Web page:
Even while at Daewon, Ms. Kim, like thousands of Korean students, took weekend classes in English, physics and other subjects at private academies, raising her SAT scores by hundreds of points. “I just love to do well on the tests,” she said.

Their average combined SAT score was 2203 out of 2400. By comparison, the average combined score at Phillips Exeter, the New Hampshire boarding school, is 2085. Sixty-seven Daewon graduates had perfect 800 math scores.

Kim Hyun-kyung, 17, scored perfect 800s on the SAT verbal and math tests, and 790 in writing. She is scheduled to take nine Advanced Placement tests next month, in calculus, physics, chemistry, European history and five other subjects. One challenge: she has taken none of these courses. Instead, she is teaching herself in between classes at Daewon, buying and devouring textbooks.

So she is busy. She rises at 6 a.m. and heads for her school bus at 6:50. Arriving at Daewon, she grabs a broom to help classmates clean her classroom. Between 8 and noon, she hears Korean instructors teach supply and demand in economics, Korean soils in geography and classical poets in Korean literature.

At lunch she joins other raucous students, all, like her, wearing blue blazers, in a chow line serving beans and rice, fried dumpling and pickled turnip, which she eats with girlfriends. Boys, who sit elsewhere, wolf their food and race to a dirt lot for a 10-minute pickup soccer game before afternoon classes.

Kim Hyun-kyung joins other girls at a hallway sink to brush her teeth before reporting to French literature, French culture and English grammar classes, taught by Korean instructors. At 3:20, her English language classes begin. This day, they include English literature, taught by Mani Tadayon, a polyglot graduate of the University of California at Berkeley who was born in Iran, and government and politics, taught by Hugh Quigley, a former Wall Street lawyer.

Evening study hall begins at 7:45. She piles up textbooks on an adjoining desk, where they glare at her like a to-do list. Classmates sling backpacks over seats, prop a window open and start cramming. Three hours later, the floor is littered with empty juice cartons and water bottles. One girl has nodded out, head on desk. At 10:50 a tone sounds, and Ms. Kim heads for a bus that will wend its way through Seoul’s towering high-rise canyons to her home, south of the Han River.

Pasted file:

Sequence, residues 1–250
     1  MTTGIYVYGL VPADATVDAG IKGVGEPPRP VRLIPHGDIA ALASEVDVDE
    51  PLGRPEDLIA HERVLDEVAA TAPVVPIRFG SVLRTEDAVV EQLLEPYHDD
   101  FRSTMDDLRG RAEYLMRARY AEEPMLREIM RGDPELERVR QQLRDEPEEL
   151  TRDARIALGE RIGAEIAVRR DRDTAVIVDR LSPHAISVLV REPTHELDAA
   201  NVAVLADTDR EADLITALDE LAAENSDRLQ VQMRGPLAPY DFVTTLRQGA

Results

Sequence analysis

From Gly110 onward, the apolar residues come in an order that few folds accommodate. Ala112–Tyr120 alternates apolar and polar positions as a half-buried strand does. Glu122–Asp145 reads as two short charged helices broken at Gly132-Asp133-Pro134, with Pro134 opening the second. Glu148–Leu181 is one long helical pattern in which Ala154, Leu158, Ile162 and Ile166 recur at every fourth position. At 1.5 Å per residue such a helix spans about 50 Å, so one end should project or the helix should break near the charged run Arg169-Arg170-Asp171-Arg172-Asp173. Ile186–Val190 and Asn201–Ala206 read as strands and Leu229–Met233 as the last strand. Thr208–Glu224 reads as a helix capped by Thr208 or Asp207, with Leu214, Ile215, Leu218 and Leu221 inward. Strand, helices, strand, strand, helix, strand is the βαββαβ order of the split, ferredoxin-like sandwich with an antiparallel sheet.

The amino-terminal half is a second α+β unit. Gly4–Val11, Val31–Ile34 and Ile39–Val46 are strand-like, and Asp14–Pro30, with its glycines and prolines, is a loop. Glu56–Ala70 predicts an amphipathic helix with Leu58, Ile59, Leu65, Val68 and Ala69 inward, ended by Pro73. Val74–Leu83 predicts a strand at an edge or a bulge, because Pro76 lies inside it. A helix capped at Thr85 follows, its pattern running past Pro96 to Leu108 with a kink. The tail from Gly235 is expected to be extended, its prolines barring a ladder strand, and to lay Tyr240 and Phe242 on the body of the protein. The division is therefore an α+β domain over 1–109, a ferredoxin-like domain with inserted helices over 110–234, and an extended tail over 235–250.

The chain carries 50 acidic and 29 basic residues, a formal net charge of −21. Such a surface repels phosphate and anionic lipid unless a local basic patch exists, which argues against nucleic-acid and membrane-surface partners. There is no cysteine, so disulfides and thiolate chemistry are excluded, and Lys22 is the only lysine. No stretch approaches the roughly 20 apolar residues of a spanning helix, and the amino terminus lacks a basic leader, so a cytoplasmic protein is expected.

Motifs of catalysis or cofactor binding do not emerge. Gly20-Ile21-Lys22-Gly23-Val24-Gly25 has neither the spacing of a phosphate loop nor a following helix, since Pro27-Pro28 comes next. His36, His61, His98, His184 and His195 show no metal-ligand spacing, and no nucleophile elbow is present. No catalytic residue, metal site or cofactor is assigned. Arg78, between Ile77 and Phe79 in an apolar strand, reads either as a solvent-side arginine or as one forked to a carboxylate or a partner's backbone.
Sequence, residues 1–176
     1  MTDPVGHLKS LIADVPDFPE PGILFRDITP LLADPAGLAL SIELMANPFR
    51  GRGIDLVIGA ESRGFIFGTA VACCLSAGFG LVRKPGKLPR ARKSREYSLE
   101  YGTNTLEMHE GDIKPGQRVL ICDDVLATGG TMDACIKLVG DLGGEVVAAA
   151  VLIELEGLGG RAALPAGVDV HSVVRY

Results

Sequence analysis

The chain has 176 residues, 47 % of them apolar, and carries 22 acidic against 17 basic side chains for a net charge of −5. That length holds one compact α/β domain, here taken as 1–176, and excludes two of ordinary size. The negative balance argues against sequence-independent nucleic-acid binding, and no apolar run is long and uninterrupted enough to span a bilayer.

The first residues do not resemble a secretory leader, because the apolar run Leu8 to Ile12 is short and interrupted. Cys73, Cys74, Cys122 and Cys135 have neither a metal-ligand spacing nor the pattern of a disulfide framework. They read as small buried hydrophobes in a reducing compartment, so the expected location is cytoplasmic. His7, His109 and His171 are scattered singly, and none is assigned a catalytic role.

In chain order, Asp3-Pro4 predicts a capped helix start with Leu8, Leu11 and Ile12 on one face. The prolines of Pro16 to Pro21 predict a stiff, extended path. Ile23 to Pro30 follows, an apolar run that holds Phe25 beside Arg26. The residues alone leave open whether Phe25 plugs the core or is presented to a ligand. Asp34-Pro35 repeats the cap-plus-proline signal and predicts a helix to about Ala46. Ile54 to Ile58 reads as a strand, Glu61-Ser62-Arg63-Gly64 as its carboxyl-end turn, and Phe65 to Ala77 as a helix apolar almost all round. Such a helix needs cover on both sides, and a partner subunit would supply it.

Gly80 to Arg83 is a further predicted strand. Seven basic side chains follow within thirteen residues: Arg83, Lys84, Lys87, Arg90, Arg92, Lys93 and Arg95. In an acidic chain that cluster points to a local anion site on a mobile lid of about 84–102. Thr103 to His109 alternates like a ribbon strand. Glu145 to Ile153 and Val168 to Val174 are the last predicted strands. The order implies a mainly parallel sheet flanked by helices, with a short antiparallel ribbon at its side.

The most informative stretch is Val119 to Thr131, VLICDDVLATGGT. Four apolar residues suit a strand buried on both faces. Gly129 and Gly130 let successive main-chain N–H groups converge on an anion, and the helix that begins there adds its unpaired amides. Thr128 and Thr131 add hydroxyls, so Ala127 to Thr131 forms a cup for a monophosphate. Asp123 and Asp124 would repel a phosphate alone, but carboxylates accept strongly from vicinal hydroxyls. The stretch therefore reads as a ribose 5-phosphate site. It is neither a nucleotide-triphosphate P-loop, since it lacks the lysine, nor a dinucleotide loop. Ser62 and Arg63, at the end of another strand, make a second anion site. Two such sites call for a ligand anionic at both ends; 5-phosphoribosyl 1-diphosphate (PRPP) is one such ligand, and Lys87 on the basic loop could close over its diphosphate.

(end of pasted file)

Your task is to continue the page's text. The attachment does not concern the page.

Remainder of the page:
“I feel proud that I’ve endured another day,” she said.

The schedule at the Minjok academy, on a rural campus of tile-roofed buildings in forested hills, appears even more daunting. Students rise at 6 for martial arts, and thereafter, wearing full-sleeved, gray-and-black robes, plunge into a day of relentless study that ends just before midnight, when they may sleep.

But most keep cramming until 2 a.m., when dorm lights are switched off, said Gang Min-ho, a senior. Even then some students turn on lanterns and keep going, Mr. Gang said. “Basically we lead very tired lives,” he said.

Students sometimes report for classes so exhausted that Alexander Ganse, a German who teaches European history, said he asked, “Did you go to bed at all last night?”

“But we’re not only nerds!” interrupted Choi Jung-yun, who grew up in San Diego. Minjok students play sports, take part in many clubs and even have a rock band, she said. Ambassador Vershbow, who plays the drums, confirmed that with photographs that showed him jamming with Minjok’s rockers during a visit to the school last year.

There are other hints of slackening. A banner once hung on a Minjok building. “This school is a paradise for those who want to study and a hell for those who do not,” it read. But it was taken down after faculty members deemed it too harsh, said Son Eun-ju, director of counseling.

the full story

Saturday, April 26, 2008

sexual abstinence until marriage in the US

US lawmakers are investigating whether to cut government funding for health education programmes that promote sexual abstinence until marriage.
The move follows a report earlier this year from America's leading health agency, the Center for Disease Control, which revealed one in four teenage girls has a sexually transmitted disease.
Planned Parenthood estimates that two thirds of teenagers will have experienced sexual intercourse by the time they leave school.
And with some 750,000 teenage pregnancies a year, America has one of the highest teen birth rates in the developed world.
"This national programme which has wasted $1.5bn (£750m) of tax money is a failure and our teens are paying the price," says Cecile Richards, president of Planned Parenthood.
State governments receive federal money they must match to fund abstinence programmes.
At least 17 states have opted out of the system and others have suspended funding while Congress investigates whether such programmes work.